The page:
The data were collected from an examination of electronic medical records for patients who were admitted to five hospitals in Maryland and Washington, D.C., from Sept. 1, 2020, to May 7, 2022, within two weeks of a COVID-19 diagnosis. The patients exhibited symptoms that included abnormally rapid breathing rate or heart rate, low oxygen levels or fever. Their EMRs contained information derived from viral whole-genome sequencing.

The data tracked 3,369 unvaccinated patients and 1,230 patients who’d either been vaccinated or had tested positive for COVID in the past. Vaccinated patients were older and had more underlying illnesses than the unvaccinated. Vaccination status meant that the patients had received either two doses of the Pfizer/BioNTech or Moderna vaccines or one dose of the Johnson and Johnson vaccine.

“Among patients without history of SARS-CoV-2 vaccination or prior infection, 977 (29%) developed severe disease or death within 28 days of hospitalization (median time to event 0.45 days, IQR 0.07-2.35) including 583 (29%) ancestral, 66 (33%) Alpha, 179 (33%) Delta, 140 (26%) Omicron, and 9 (27%) other variant group infections,” the study said. “By 28-days of follow-up, almost all patients were discharged or developed severe disease; only 12 (<1%) patients remained hospitalized without having developed severe disease.”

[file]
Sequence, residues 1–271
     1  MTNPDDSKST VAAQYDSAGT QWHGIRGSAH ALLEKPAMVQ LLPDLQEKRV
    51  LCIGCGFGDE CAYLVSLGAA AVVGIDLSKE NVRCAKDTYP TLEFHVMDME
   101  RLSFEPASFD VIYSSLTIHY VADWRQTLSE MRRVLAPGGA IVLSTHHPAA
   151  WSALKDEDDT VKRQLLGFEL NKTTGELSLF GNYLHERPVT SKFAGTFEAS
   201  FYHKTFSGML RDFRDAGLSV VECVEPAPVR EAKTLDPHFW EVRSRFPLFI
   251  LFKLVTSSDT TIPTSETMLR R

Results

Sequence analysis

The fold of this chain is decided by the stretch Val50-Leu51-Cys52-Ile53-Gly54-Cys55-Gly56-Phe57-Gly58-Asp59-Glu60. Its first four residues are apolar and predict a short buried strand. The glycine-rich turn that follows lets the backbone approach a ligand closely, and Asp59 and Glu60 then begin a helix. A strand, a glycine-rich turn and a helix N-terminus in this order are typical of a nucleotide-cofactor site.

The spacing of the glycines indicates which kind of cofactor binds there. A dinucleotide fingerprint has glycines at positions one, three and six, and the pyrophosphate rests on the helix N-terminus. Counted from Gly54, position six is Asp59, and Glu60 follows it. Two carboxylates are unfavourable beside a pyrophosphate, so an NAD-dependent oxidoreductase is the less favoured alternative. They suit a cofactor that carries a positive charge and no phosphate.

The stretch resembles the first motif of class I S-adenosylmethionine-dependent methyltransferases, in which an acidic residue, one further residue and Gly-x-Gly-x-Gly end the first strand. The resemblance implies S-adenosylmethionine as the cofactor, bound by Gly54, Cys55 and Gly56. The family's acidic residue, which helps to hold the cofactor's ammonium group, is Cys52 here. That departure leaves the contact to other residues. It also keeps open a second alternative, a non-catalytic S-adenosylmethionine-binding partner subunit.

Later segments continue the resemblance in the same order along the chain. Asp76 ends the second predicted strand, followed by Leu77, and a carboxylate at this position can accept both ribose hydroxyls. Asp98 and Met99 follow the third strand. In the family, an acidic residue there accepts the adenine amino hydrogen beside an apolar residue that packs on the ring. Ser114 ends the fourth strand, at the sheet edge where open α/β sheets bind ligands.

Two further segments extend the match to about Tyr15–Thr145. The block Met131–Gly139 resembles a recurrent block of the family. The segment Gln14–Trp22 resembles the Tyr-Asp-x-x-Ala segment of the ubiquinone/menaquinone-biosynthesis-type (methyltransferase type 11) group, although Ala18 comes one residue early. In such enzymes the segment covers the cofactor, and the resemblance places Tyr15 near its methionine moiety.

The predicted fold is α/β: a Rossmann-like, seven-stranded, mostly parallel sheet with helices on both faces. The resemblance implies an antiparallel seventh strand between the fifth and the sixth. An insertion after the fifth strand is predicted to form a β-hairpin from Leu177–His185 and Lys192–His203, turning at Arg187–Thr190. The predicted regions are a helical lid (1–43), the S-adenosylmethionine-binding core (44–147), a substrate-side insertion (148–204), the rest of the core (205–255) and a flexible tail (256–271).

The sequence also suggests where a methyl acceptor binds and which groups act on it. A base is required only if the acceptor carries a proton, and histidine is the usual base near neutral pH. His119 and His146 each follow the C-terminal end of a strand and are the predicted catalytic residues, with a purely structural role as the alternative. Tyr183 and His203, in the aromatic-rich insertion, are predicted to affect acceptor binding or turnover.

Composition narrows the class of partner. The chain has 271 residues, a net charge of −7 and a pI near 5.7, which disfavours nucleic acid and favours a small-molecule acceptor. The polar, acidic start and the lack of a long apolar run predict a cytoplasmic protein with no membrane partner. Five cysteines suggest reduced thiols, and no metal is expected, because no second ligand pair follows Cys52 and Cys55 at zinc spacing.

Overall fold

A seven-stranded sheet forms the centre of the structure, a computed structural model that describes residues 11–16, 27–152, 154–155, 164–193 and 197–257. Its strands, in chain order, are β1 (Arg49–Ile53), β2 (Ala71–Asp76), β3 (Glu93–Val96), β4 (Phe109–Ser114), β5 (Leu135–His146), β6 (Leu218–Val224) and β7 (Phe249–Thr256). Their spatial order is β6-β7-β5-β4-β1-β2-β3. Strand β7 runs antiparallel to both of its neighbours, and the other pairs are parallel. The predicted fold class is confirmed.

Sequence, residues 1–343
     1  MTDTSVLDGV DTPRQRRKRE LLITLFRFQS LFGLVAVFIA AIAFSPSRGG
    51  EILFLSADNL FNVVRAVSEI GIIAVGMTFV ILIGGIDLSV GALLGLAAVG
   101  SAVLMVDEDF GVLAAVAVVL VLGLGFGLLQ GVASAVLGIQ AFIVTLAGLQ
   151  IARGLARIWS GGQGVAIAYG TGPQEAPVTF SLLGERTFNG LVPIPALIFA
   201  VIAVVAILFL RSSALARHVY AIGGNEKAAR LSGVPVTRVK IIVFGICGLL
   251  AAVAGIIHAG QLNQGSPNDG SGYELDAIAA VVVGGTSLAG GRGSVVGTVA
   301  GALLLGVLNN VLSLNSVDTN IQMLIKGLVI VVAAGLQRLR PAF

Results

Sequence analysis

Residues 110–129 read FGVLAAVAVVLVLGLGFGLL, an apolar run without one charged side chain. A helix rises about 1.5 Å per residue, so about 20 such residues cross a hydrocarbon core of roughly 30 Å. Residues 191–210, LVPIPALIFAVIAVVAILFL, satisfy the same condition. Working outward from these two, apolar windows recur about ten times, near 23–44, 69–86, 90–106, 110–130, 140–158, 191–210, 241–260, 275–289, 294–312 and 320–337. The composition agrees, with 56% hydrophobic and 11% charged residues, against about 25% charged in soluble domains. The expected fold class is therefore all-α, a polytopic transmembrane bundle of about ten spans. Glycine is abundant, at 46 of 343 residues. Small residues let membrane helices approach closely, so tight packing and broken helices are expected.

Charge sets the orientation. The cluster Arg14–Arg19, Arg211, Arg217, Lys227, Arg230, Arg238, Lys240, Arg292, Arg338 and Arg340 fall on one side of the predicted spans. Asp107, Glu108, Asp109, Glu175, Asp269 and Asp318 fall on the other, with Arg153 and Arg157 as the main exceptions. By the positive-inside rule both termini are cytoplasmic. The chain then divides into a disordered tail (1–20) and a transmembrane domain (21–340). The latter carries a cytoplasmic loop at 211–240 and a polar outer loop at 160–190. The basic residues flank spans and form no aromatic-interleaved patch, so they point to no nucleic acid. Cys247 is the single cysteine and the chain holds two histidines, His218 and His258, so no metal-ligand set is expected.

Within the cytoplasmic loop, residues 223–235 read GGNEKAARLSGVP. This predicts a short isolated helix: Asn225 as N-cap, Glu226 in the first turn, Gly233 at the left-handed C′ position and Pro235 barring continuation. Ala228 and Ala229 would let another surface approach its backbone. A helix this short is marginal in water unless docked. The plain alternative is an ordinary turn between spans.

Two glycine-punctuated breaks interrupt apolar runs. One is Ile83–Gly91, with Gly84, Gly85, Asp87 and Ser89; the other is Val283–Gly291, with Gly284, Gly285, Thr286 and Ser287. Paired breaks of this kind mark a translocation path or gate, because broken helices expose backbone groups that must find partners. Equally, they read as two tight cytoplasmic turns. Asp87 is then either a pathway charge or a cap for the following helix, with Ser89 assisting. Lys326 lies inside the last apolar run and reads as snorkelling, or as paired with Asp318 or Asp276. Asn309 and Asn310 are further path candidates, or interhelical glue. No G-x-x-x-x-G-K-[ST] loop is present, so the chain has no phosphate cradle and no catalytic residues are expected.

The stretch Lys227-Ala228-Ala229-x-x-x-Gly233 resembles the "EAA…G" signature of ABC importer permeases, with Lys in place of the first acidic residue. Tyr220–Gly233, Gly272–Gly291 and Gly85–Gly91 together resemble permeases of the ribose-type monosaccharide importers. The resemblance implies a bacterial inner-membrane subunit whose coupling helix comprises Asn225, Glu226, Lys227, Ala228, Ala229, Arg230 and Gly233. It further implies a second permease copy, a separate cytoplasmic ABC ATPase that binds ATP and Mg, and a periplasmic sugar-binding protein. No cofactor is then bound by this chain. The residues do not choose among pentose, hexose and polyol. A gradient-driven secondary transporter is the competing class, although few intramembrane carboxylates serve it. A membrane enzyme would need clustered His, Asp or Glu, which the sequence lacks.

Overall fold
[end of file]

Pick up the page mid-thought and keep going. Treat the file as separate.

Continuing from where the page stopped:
Study authors argued their research “undercuts public perception that Omicron is a mild disease.”

Q&A With Matthew Robinson, M.D.

Fierce Healthcare: Why you and your coauthors chose this particular topic?

Matthew Robinson: One year ago, we witnessed a surge in COVID-19 cases along with an abrupt transition from Delta variant being the most commonly circulating SARS-CoV-2 lineage to Omicron variant. As hospitals were starting to fill up, the public and clinicians such as myself were very interested to know whether patients hospitalized with Omicron infections were likely to fare similarly to patients with Delta infections or if Omicron variant was truly less severe.

Matthew Robinson
Matthew Robinson, M.D. (Johns Hopkins University School of Medicine)

FH: It seems that you may have had concerns that the possible lethality of the Omicron variant might be underestimated. Did you think that was the case among providers? The CDC? The public? Or all three?